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Godzdogz

The blog of the Dominican student brothers at Blackfriars, Oxford.

Built on the four pillars of our Dominican life – preaching, prayer, study, and community – Godzdogz offers many resources for exploring the Catholic Faith today.
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The Queen of Sheba

Monday, September 03, 2012
1 Kings 10:1-13.

The visit of the Queen of Sheba from afar to King Solomon to hear his wisdom has been made very well known by the use that Jesus made of it (Mt 12:42 & Lk 11:31). Sheba is mentioned rarely in the Bible, indicating it was on the extreme age of the area that with which the Jews had contact.

The original journey and meeting of the two leaders was, it seems, made for pragmatic earthly reasons – but the Oriental and Jewish understanding of wisdom covers, and is probably rooted, in such pragmatic good sense. It was a meeting of two leaders and their retinues to come to a trade agreement. We have just been told that Solomon, in whose reign Israel reached its maximum size, controlled the land at the head of the Red Sea (1 Kings 9:26-28). He equipped a fleet there and had a lot of influence on trade routes that passed through or near his expanded territory. The exact location of Sheba is disputed but it is most probably in Arabia. It presumably made use of the Red Sea and other trading routes that Solomon controlled. It was beholden on other states and traders to make trading arrangements with him for the good of their own exports and wider economies. Such meetings involved impressing each other with the quality of one’s court, and exchanging gifts, all of which happens in 1 Kings 10:1-13, but a deal also had to be struck. Part of this involved asking policy questions, listening to an assessment of political and economic issues: raising such issues would certainly be included in the ‘difficult questions’ and other ‘things on her mind’ in our text. She, and her officials, may also have asked ‘obscure riddles’ as this was part of Oriental diplomacy in this period. A king was a judge and expected to be wise, and in many cultures was seen as an instrument of divine teaching, even perhaps of divine revelation. As well as testing his political, economic and practical wisdom, these more obscure puzzles gave further indication of a king’s intelligence and wisdom. The Queen was impressed on all fronts - he literally took her breath away - and made a deal with Solomon. It appears that he got huge payments (as the more powerful monarch - v 10) but she got what she wanted in trade terms too (v 13). The passage and this principal reading of it make good sense of its location amidst other passages about the trade expansion and riches of Solomon.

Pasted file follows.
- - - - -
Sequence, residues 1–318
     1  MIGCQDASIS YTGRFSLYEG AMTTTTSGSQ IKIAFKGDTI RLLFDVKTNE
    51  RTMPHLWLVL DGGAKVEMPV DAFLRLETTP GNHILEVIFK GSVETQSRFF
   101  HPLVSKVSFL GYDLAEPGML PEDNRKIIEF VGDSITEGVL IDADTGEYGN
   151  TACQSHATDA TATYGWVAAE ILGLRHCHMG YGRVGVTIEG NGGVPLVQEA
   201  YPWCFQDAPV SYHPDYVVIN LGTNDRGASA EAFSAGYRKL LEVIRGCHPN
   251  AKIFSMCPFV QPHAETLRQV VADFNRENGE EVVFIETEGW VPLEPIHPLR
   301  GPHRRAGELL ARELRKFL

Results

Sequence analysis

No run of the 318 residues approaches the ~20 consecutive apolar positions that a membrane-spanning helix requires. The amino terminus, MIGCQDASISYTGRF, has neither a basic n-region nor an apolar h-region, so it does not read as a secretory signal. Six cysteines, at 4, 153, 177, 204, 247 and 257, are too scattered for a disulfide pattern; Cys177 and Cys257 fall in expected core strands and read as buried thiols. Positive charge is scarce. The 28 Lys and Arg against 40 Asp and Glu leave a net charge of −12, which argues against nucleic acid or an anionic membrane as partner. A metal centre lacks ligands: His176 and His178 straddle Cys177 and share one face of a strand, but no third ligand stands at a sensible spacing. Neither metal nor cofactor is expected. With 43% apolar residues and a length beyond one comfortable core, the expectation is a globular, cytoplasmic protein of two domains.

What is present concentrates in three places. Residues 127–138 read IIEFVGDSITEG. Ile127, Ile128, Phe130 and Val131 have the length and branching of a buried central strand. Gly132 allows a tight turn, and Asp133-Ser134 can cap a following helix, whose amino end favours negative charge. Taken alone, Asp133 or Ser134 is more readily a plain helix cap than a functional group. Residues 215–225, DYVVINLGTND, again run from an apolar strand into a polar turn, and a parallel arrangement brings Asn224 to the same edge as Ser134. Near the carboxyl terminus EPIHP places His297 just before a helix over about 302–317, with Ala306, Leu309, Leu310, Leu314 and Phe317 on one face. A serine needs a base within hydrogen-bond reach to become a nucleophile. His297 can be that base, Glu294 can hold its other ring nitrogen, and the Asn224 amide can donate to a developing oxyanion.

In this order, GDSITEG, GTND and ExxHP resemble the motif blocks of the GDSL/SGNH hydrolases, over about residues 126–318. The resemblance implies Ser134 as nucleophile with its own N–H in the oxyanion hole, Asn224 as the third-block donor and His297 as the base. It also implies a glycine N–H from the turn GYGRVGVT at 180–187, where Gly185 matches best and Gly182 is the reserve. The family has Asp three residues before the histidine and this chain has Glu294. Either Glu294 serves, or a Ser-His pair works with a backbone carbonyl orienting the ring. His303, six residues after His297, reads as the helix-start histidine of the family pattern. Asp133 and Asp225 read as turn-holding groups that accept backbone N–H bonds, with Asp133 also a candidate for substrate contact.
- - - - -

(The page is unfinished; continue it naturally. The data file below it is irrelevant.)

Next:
The story tells us other things too. It is interesting that a woman ruled a kingdom, something unusual in that period, though not unheard of in parts of Arabia. She was not a Jew. Her comments to Solomon show her to be remarkably familiar, for a foreigner, with aspects of the Jewish religious view and its view of the purpose of kingship (v 9). She notes both that is a result of Yahweh’s favour and everlasting love that Solomon reigns and importantly she stresses that he has been made king to minister justice and righteousness. These are the key principles of the covenant and of his role within it especially in the Deuteronomistic understanding of it. Prophets often insisted upon them and kings in general neglected them.

Her mention of them is impressive and perhaps ironic, given the narrative development. The very next chapter tells of the fall of Solomon. He is enticed by the religion of foreign women. It is also clear that he exploited his people to make his court as impressive as it was. One is left wondering if the Queen of Sheba sensed the dangers and was giving him a hint, put in a diplomatically wise and subtle way, to be careful. Certainly she did him no harm, unlike these other women, and may have had a truer grasp of the heart of divine wisdom than Solomon, at least as he deteriorated in his later years. All this makes her an impressive figure, one to be commended, and not just for going to such efforts to listen to wisdom.

Jesus himself commends her: the people of his own day are more interested in seeing signs than hearing wisdom, a fact made more shocking by the superiority of the wisdom of Jesus over that of Solomon. Not only does the Queen of Sheba put them to shame: Jesus says she is competent to judge them. High praise indeed and perhaps indicative that she did see the flaws in the attitudes and policies of Solomon. At any rate she not only listened to and recognised wisdom: she had wisdom.

Andrew Brookes OP

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